Sad loss: An early music giant died today

Frans Brüggen, one of the pioneers of the period instrument movement and a leading international conductor, died this morning at the age of 79. He had been intending to celebrate his 80th birthday in October with his Orchestra of the 18th century.

I saw him last a year ago in Warsaw. He looked so frail and emaciated in his wheelchair at breakfast in our hotel that we wondered whether her would be able to perform. But his leadership was unimpaired and the concert was one of those pinpoint performances that last forever in the memory.

Frans started out as a recorder virtuoso, making his first recordings on Philips before forming the ensemble and recording copiously.

He was married to the art historian Machtelt Israëls; they had two daughters. His death was announced by the orchestra.

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Red a portrait of Brüggen by Joel Cohen here.


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  • David Hutchings says:

    How sad. His Bach was inspired. It certainly inspired me to think of new ways of playing and largely opened me to the idea of period instruments while I used to shriek away badly at those pieces on my modern flute.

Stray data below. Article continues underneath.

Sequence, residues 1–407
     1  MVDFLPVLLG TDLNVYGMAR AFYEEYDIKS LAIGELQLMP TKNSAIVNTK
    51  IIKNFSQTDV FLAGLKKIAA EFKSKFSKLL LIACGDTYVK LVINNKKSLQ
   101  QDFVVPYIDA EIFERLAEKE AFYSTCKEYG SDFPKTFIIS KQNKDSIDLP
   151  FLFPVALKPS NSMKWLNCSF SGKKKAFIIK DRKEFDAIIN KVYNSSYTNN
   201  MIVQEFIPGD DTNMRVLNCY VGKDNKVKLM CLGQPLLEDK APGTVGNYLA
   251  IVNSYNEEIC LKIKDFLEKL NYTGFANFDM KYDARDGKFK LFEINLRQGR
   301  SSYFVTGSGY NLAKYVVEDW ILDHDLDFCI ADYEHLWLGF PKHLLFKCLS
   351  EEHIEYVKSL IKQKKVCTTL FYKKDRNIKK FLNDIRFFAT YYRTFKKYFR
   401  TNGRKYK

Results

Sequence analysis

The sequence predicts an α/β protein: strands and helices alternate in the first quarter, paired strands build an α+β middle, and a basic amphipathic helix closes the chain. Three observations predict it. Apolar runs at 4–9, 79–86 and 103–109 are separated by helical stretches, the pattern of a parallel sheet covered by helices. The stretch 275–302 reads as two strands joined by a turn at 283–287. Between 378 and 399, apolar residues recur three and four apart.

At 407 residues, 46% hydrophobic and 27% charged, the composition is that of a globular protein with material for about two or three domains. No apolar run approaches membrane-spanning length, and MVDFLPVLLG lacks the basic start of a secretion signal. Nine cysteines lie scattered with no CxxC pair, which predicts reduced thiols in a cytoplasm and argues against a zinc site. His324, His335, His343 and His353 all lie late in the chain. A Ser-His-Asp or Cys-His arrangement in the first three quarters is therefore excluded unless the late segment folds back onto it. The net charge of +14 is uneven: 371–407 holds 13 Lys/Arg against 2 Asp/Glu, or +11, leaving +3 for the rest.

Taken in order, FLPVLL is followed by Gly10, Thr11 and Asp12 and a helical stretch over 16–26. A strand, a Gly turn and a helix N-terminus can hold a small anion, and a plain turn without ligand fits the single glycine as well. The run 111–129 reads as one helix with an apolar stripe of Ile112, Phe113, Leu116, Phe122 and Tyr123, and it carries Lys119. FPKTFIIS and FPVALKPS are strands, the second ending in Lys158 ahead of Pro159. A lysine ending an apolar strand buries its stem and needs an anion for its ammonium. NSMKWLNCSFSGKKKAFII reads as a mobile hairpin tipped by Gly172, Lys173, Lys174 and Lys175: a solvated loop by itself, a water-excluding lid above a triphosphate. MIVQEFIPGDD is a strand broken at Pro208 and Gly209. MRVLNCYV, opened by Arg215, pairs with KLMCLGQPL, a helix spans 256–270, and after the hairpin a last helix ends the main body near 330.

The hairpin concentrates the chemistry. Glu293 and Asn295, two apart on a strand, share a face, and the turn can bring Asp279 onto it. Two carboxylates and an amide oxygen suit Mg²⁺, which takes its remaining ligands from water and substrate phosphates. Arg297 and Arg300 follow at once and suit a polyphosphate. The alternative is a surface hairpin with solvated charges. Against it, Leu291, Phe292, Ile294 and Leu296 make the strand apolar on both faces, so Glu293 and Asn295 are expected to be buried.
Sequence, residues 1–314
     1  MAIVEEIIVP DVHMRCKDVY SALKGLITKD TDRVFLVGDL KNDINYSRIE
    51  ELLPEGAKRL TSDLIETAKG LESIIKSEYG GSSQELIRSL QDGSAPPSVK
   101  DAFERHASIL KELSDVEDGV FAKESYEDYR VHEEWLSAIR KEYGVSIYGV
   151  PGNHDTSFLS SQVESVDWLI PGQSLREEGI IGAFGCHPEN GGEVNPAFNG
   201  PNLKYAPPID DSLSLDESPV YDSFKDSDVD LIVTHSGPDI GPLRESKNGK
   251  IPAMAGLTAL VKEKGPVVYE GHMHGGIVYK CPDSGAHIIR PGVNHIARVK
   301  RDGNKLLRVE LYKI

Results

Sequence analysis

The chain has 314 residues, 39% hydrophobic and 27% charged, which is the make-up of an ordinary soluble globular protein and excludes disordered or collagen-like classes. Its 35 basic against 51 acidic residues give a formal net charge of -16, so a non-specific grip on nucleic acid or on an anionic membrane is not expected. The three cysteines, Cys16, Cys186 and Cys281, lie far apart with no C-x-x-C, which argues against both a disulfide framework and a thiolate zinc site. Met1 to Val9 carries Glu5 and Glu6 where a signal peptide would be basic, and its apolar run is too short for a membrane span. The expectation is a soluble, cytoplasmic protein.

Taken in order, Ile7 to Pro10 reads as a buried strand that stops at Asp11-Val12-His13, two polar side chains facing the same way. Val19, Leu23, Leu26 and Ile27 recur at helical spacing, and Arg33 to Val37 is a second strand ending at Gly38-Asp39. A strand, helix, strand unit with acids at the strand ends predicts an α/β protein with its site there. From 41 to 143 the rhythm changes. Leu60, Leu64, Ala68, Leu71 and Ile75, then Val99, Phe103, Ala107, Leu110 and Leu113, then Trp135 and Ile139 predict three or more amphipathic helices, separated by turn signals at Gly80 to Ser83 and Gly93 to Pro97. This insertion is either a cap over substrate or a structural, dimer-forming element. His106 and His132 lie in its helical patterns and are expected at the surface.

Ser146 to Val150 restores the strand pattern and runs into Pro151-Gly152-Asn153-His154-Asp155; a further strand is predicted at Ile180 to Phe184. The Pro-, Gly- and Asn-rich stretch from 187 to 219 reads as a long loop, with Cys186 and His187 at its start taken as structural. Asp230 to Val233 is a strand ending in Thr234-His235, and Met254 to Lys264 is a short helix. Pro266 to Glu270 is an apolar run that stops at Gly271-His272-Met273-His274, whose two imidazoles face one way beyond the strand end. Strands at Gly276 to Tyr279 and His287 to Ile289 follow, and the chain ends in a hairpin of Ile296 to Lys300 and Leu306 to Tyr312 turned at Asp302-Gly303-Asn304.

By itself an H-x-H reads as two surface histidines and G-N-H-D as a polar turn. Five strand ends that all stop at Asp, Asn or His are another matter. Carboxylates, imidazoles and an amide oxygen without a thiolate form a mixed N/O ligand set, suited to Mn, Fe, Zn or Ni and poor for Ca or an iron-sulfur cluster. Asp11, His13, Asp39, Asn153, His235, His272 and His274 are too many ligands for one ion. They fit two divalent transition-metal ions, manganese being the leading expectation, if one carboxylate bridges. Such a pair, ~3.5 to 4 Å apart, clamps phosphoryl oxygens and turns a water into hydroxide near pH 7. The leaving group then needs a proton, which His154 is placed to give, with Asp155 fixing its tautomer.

• Sixtus says:

    Back in college I took a Baroque-performance-practice course with him. It was like being plugged into the heart of the European historical-performance movement. What I learned then has formed the basis of my perception of performance practice issues of all musical periods, even the late Romantic, where my main interests are. Such are the effects of a great teacher.

  • Richard Cumming-Bruce says:

    It’s been a particularly bad year for great conductors: Abbado; Burgos; Maazel; now Bruggen. How very sad. I heard Bruggen only a couple of years ago when he looked frail, but got some of the finest performances of a Haydn Symphony (no 93 in D Major) I’ve ever heard. His love for the piece shone through in every gesture, and the woodwind in particular was both precise and inspired.

  • Jan de Jong says:

    A truly great musician is gone. I never heard him playing recorder in concert, but I treasure his recordings. As a conductor he continued to send his breath, from then on into the orchestra. I feel privileged to have attended so many concerts with him, among those my first Hohe Messe.
    If there is one concert that I will never forget, it is the Eroica with the Orchestra of the 18. C.
    May he rest in peace. Condolences to all his musical friends, in the first place those of the Orchestra of the 18 C who lost their founder, chief conductor, coach and friend for more than 30 years.

  • Neil McGowan says:

    An inspirational trail-blazer in every way. He shunned quackery and silly fads – being led always by a relentless desire to make music sound more beautiful and natural in every way. He wasn’t interested in “early music” – he was interested in music.

    It is always sad to lose a seminal figure like Brüggen – but his generous teaching and immense number of recordings leaves a legacy that will long remain to entrance, amaze and galvanise us.

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